received his B.A. in Archaeology and Jewish History, and M.A. in Archaeology from the Hebrew University of Jerusalem. His M.A. thesis focused on the Persian and Hellenistic plain ware pottery of the southern Carmel coast as a mean to understand and track social, economical, cultural and behavioral processes. During his M.A. Barak received a scholarship from the "Ruth Amiran Fund for Archaeological Research in Eretz-Israel" for petrographic analysis of plain ware pottery.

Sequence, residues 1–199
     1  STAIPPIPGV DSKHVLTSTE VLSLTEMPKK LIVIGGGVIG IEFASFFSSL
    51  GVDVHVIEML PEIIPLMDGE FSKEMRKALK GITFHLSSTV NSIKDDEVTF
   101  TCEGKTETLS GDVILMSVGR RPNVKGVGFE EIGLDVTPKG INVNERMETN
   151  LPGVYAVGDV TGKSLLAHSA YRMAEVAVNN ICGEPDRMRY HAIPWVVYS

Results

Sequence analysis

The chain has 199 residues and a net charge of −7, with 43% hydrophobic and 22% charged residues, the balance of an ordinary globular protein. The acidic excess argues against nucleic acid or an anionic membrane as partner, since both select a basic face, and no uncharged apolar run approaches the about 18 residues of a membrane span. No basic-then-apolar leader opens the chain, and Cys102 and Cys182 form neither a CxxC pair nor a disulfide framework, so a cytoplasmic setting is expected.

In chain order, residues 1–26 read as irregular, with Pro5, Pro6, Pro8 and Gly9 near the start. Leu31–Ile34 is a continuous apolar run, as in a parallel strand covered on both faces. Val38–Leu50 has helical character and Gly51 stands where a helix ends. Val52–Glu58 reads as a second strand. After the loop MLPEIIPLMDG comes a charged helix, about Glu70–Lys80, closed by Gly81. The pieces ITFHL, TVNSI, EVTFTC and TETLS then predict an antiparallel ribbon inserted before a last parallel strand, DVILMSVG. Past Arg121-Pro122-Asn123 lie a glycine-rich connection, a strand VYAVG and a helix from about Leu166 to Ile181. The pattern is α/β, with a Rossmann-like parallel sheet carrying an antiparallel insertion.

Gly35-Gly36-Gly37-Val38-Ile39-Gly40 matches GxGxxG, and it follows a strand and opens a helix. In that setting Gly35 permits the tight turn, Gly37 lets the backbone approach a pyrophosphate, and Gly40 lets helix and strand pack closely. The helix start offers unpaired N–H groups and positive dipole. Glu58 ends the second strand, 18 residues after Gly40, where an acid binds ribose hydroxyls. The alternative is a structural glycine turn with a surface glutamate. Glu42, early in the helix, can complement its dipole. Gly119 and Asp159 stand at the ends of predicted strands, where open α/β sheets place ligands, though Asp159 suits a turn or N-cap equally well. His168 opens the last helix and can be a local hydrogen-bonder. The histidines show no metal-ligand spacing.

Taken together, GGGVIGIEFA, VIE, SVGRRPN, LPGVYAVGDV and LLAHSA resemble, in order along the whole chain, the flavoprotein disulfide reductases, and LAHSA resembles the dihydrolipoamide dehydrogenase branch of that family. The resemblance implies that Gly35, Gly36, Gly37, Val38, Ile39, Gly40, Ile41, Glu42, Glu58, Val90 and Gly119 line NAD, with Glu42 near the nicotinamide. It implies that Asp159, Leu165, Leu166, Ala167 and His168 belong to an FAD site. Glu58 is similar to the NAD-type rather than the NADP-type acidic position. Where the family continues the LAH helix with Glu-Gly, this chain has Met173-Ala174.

In his Ph.D. research Barak decided to widen the scope of his previous study to southern Phoenicia and its surroundings during the Persian, Hellenistic, and the Roman periods.
Barak started to work in Tel Dor project at 2004, serving as an area recorder and the museum registrar during the excavations, and since 2007 he is in charge of identifying and sorting of the late (Persian, Hellenistic and Roman) pottery and special finds. He is involved in the publication of Persian, Hellenistic and Roman pottery assemblages from the Hellenistic Monumental Complex (Areas D1, D2 and D4).